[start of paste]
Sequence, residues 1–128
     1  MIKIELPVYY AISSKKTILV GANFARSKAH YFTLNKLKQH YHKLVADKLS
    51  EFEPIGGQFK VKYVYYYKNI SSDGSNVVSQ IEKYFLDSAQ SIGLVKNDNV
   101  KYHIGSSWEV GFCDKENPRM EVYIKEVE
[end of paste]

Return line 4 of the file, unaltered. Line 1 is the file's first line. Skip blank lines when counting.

   101  KYHIGSSWEV GFCDKENPRM EVYIKEVE